I am well aware of five approximate integration techniques:

1) Left endpoint approximation

2) Right endpoint approximation

3) Midpoint rule

4) Trapezoidal Rule

5) Simpson's Rule

It is very natural to dervive all of these rules using Taylor Series (all you have to do is choose your centre point , integrate term by term, shave of a few terms, and use approximate differentiaton place of the derivatives to obtain them!)

However, no matter what I do, I can't seem to obtain the trapezoidal rule. Just wondering if anyone has any ideas!

  • 2
    $\begingroup$ the Trapezoidal rule is the average between the left-endpoint and the right-endpoint approximation. $\endgroup$
    – Doug M
    Jul 31 '17 at 22:25
  • $\begingroup$ I know but can I obtain it independently? $\endgroup$
    – user463792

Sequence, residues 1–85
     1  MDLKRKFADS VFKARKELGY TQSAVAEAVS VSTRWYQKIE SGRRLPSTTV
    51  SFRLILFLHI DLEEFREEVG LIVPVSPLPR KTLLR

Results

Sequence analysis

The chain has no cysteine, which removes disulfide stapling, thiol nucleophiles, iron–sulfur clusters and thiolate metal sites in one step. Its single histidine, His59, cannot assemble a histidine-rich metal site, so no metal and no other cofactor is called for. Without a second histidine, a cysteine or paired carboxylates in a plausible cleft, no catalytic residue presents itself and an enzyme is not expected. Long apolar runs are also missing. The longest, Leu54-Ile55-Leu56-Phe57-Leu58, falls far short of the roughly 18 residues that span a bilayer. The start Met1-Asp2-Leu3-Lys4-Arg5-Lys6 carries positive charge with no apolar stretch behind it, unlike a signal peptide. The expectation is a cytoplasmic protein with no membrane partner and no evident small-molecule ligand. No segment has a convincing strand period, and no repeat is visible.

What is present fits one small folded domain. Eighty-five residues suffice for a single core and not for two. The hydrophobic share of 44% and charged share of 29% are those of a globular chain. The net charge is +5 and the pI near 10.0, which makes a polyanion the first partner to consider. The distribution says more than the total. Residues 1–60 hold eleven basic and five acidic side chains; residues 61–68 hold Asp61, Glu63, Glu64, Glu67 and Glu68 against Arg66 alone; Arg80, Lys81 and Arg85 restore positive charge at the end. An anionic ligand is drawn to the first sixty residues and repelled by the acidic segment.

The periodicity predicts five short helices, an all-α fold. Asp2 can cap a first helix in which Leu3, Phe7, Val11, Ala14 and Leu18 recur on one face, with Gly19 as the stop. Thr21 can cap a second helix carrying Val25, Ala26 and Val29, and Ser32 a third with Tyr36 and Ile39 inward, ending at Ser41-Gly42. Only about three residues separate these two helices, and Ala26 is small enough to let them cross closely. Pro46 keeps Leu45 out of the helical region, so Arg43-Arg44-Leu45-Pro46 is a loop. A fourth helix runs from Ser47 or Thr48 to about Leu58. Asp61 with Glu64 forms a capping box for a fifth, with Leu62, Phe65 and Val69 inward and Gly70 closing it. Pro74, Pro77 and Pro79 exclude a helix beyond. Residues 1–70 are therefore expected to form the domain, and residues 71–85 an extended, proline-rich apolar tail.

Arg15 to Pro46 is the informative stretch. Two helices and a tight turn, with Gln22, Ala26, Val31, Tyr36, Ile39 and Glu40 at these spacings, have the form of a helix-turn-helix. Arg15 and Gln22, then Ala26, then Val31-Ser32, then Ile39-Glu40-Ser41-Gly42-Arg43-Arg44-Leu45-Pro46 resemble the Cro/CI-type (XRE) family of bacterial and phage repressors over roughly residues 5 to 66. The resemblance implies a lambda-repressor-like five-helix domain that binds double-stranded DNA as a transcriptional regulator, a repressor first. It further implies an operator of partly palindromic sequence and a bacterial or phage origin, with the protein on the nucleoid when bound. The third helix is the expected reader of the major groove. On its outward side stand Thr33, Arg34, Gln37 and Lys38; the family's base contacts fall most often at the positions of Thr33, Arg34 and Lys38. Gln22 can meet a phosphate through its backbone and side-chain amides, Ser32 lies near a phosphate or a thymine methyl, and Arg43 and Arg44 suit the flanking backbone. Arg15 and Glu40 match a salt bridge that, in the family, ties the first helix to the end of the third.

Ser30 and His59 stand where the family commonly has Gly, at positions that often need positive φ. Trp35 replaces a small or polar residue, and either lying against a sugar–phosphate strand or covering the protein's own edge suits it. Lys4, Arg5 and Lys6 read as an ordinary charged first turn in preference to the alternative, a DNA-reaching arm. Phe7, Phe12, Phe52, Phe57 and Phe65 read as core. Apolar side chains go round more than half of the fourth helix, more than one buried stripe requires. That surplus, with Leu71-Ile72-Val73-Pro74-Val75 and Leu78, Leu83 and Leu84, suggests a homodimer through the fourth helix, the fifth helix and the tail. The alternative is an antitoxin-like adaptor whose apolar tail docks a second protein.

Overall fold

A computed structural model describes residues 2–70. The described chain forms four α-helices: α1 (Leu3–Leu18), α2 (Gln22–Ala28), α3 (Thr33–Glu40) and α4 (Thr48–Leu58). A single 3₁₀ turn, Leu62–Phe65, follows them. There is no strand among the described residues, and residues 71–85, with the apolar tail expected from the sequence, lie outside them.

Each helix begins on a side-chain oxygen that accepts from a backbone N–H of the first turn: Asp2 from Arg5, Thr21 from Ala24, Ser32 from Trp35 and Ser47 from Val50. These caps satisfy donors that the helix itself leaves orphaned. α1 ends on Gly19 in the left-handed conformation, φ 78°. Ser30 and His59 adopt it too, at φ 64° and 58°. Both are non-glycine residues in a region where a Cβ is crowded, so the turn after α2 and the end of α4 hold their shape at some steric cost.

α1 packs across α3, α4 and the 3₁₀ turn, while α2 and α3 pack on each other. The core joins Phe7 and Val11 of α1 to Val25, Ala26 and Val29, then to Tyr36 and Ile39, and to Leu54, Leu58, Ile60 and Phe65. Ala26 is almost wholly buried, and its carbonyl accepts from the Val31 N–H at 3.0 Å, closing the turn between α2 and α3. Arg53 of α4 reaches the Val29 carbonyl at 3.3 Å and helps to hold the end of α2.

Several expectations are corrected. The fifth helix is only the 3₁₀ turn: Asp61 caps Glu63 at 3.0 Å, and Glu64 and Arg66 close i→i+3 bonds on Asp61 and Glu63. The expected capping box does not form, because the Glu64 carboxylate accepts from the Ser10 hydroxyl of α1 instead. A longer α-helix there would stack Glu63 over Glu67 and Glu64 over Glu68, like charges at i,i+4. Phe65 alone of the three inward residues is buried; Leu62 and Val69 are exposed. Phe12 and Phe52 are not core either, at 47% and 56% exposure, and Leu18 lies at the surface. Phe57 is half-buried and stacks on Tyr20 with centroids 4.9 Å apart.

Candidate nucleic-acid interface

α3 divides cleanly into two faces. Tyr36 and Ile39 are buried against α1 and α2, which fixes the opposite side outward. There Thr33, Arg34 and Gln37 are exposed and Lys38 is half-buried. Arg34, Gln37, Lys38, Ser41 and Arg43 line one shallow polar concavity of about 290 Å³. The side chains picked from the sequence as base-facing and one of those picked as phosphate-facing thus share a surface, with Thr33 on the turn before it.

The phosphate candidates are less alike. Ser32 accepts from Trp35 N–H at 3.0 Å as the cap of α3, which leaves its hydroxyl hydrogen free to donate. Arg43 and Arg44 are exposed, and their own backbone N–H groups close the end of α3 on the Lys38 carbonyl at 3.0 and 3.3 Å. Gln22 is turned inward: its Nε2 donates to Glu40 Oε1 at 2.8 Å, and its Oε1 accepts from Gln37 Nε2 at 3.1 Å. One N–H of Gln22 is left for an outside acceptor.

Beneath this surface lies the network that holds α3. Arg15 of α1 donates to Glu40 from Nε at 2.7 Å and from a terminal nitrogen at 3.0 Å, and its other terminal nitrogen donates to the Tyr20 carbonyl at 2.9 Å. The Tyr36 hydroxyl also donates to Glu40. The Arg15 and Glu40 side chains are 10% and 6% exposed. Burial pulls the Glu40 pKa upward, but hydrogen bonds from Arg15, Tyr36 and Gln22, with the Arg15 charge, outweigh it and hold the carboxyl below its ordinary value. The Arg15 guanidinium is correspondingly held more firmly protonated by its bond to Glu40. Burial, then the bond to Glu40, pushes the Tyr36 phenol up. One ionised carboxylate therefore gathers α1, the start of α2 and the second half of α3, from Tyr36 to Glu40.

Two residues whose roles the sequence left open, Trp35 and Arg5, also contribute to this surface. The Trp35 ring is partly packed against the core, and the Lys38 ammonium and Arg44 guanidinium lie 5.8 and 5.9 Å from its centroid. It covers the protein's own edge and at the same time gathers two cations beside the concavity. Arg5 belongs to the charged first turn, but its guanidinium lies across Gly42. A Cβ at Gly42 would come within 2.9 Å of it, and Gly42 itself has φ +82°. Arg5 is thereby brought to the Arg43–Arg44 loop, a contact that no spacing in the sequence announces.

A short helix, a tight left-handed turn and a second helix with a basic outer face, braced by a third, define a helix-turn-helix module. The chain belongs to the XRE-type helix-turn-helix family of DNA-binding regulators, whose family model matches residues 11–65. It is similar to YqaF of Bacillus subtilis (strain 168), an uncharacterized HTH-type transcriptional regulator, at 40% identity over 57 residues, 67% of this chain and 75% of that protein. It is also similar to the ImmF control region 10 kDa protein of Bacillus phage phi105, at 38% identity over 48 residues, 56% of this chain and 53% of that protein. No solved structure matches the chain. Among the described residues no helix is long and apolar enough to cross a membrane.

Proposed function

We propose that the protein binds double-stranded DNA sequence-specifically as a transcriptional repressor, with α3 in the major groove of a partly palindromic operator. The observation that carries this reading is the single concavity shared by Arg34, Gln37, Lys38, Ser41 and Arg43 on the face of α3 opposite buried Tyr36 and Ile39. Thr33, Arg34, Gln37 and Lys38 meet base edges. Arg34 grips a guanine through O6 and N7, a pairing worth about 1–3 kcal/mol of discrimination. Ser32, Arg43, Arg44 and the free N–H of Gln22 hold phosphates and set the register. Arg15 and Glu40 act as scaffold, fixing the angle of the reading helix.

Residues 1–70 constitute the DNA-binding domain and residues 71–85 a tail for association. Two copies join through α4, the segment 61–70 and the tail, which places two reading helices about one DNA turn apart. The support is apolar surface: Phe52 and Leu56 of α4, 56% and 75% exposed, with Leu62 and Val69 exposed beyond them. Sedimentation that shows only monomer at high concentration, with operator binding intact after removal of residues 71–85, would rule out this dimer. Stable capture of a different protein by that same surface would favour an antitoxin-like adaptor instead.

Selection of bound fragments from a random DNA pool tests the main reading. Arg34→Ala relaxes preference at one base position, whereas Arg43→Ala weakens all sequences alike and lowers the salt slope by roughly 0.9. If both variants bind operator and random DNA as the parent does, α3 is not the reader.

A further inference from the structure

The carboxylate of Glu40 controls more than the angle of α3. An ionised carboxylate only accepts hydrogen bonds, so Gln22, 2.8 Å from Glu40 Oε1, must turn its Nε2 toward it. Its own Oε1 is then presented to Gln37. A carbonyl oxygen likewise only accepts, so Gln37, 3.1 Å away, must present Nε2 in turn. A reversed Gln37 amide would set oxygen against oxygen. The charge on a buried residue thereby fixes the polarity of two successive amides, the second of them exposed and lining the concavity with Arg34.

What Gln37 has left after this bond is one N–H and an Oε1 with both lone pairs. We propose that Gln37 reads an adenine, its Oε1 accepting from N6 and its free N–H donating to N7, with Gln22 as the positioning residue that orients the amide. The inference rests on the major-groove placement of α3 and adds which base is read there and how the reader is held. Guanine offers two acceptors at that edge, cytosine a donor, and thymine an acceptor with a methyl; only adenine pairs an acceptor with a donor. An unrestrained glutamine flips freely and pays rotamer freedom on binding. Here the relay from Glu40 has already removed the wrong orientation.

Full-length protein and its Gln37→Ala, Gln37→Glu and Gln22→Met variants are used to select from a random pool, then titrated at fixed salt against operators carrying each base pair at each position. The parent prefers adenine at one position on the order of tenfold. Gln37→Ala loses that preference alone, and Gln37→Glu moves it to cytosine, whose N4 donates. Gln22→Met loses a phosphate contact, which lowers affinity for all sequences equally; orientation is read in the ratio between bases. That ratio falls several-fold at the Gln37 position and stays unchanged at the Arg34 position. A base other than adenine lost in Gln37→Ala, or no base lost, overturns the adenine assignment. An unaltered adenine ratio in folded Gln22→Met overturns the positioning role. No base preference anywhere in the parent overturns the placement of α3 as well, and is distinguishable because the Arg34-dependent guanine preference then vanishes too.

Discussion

Jul 31 '17 at 22:26

An easy way to derive the trapezoidal rule (and estimate the error) uses an integration-by-parts.

For a subinterval $[x_{n-1},x_n]$ with $h = x_n - x_{n-1}$ we derive the trapezoidal approximation to the integral and get a local error estimate as follows.

Let $c = (x_{n+1}+x_n)/2$ be the midpoint and note that

$$x_{n+1} - c = c - x_n = \frac{x_{n+1} - x_n}{2} = \frac{h}{2}.$$

Using integration by parts with $u = (x-c)$ and $dv = f'(x)dx$ we get

$$\int_{x_n}^{x_{n+1}}(x-c)f'(x) \, dx = (x-c)f(x)|_{x_n}^{x_{n+1}} - \int_{x_n}^{x_{n+1}} f(x) \, dx \\ = \frac{h}{2} \left(f(x_{n}) + f(x_{n+1}) \right) - \int_{x_n}^{x_{n+1}} f(x) \, dx. $$

Consequently, the local error of the trapezoidal approximation is

$$E = \int_{x_n}^{x_{n+1}}(x-c)f'(x) \, dx. $$

Depending on the smoothness of $f$ and bounds on derivatives this can be used to get more refined estimates.

If the derivative is bounded with $|f'| \leqslant M$ we get the well-known estimate

$$|E| = \left|\frac{h}{2} \left(f(x_{n}) + f(x_{n+1}) \right) - \int_{x_n}^{x_{n+1}} f(x) \, dx \right| \leqslant \frac{M}{4}h^2$$


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